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Reagan assailant seeks unsupervised visits

Lawyer: Hinckley 'least dangerous person on the planet'

John Hinckley Jr. has been hospitalized since 1982.
John Hinckley Jr. has been hospitalized since 1982.

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James Brady
Ronald Wilson Reagan
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WASHINGTON (CNN) -- An attorney for failed presidential assassin John Hinckley Jr. told a federal judge Monday his client "is probably the least dangerous person on the planet" and should be allowed unsupervised visits with his parents at their Virginia home.

Federal prosecutors are fighting the request, arguing in a pre-hearing memorandum last week that Hinckley, 48, cannot be trusted and would represent a danger to the community.

In his opening statement, Hinckley attorney Barry Levine said his client posed no danger because even if he were allowed unsupervised visits, Secret Service agents would still be allowed to follow him.

Prosecutors said in a court filing that "neither Mr. Hinckley nor the hospital may ask the court to rely on presence of agents of Secret Service to provide security for the community, because there is no factual basis to find that agents provide such security."

Hinckley was 25 when he opened fire outside a Washington hotel on March 30, 1981. One bullet hit President Ronald Reagan in his left lung.

White House press secretary James Brady was shot in the head and survived. Also wounded were Secret Service agent Timothy McCarthy and Washington police officer Thomas Delahanty.

In 1982, a jury found Hinckley not guilty by reason of insanity. He has been institutionalized at St. Elizabeth's Hospital in Washington ever since.

A doctor who has treated Hinckley over the last four years testified Monday that Hinckley's depression and psychosis -- diagnosed in the early 1980s -- are in full remission.

Dr. Sidney Binks, the first of four witnesses, said Hinckley still has a narcissistic personality disorder, although it is improving.

Hinckley, wearing a suit and tie, sat in the courtroom next to his lawyers. At one point he waved to his parents sitting behind him.

Levine said the request for unsupervised visits away from St. Elizabeth's Hospital "is not a bold proposal."

"All the experts have agreed the next step ... is conditional release," Levine said.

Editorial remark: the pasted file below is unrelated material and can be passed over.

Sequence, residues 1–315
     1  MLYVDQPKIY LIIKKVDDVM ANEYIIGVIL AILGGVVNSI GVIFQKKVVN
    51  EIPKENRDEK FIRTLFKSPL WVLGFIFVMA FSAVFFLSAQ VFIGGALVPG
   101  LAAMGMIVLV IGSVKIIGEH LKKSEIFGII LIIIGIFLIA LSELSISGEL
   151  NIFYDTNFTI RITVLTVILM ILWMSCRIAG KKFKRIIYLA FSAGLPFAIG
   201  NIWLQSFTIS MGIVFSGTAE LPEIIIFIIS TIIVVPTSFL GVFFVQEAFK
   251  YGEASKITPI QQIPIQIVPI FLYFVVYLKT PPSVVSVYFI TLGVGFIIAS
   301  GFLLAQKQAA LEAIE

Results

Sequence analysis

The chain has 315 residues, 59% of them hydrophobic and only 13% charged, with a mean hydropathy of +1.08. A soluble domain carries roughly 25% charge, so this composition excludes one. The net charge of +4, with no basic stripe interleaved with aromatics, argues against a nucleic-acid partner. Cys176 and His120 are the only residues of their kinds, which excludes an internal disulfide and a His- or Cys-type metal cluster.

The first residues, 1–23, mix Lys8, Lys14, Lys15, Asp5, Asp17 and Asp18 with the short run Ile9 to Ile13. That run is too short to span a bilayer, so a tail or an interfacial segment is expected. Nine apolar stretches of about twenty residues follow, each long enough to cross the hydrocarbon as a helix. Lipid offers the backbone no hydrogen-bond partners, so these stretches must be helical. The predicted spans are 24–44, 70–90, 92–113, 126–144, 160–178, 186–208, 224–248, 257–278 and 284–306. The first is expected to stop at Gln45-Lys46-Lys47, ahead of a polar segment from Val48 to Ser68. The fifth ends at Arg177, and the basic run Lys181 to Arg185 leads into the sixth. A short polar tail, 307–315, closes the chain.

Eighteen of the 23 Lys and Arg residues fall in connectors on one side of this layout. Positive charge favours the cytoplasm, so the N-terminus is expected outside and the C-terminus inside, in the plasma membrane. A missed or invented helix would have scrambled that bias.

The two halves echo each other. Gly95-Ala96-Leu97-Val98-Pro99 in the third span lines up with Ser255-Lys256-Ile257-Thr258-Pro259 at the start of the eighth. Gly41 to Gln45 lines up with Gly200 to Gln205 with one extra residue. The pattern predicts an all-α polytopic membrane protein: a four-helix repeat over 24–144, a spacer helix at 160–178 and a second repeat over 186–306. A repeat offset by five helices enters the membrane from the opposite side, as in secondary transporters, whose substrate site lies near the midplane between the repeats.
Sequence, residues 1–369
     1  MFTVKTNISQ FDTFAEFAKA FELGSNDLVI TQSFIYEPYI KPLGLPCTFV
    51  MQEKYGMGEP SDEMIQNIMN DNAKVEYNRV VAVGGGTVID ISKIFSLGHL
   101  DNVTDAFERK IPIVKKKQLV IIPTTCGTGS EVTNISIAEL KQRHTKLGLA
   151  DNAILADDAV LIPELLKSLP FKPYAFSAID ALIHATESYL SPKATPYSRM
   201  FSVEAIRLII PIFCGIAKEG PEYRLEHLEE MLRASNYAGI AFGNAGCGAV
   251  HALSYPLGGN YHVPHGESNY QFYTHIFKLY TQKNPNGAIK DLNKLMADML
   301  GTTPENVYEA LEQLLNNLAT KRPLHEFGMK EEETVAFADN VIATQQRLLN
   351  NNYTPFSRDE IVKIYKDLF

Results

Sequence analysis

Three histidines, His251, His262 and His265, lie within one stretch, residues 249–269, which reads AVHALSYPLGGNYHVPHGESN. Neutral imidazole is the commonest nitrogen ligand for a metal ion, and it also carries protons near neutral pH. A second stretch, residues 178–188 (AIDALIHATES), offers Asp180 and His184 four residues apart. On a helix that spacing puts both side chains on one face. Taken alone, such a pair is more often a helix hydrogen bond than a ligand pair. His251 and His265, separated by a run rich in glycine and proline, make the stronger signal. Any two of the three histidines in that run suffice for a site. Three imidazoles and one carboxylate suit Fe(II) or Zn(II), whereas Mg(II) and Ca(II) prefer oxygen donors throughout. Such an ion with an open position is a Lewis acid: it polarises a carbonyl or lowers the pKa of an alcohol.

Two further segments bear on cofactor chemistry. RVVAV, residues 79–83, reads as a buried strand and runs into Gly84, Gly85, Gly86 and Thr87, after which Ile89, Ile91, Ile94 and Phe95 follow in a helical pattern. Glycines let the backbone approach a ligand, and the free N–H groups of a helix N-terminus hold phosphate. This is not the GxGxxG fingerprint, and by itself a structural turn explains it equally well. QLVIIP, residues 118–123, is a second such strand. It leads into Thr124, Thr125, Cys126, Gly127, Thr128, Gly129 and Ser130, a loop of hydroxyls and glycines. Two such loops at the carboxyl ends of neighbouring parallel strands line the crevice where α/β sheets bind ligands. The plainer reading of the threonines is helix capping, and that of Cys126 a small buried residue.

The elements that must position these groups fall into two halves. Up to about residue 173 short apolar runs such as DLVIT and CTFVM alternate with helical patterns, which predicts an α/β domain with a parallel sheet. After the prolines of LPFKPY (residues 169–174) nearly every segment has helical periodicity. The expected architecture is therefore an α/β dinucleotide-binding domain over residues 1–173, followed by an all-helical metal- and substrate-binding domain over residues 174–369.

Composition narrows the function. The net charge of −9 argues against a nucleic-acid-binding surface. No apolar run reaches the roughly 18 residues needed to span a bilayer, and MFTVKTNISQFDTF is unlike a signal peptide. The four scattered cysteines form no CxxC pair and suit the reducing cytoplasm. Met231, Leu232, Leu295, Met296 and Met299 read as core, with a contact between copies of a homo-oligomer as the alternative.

"The government resorts to fear itself. ... Irrational fear is not a legal basis to denying the next step in treatment."

In court documents, federal prosecutors said, "No one knows what Mr. Hinckley is thinking. He has boasted that he can fool medical experts, and he continually has been proven deceptive about important matters throughout the years of his hospitalization."

Prosecutor Robert Chapman emphasized in court many of Hinckley's past deceptions, many dating to the 1980s, including the discovery of 57 hidden photos of Jodie Foster in his room in 1987 and his attempts to correspond with mass killers Charles Manson and Ted Bundy in 1986-87.

"It is clear this individual has withheld information" from those treating him, Chapman told the court.

Levine argued that information was not relevant to his current medical condition.

Judge Paul Friedman asked in court "whether the passage of time" has made the information irrelevant or "still relevant but less so than once it was."

Another issue discussed in the hearing was a visit to a Northern Virginia book store in 1999 after which the Secret Service reported he examined books with violent themes.

Binks said the hospital reviewed what happened and concluded Hinckley showed an interest in a wide range of topics and there was nothing to support the claim that he was drawn to any particular type of book.

Binks, when asked if Hinckley has ever expressed remorse for the shootings, said he has done so and "wonders how the families are doing."

Hinckley's lawyers want the court to permit five day trips to the home of his parents, Jack and Jo Ann Hinckley, in Williamsburg, Virginia, which is outside the Washington metropolitan area. They also have requested five overnight visits at their home.

For several years, Hinckley has been allowed to leave the hospital, but he is always accompanied by hospital staff. The defense said those visits have "been a great success."

The hospital argues in favor of a gradual schedule of unsupervised visits, which would begin with day trips and overnight stays with Hinckley's parents in the Washington area, followed later by overnight stays with his parents at their home in Williamsburg.

Prosecutors stressed in their court filing that the court may release Hinckley only if it is satisfied that his parents will provide for the security of the community during the conditional release.

The Justice Department plans to call two prominent psychiatrists to bolster its case against the unsupervised visits. Binks was the first of two experts who have treated Hinckley at the hospital to be called by the defense.

The hearing is expected to last about two days.

CNN's Kevin Bohn contributed to this report.


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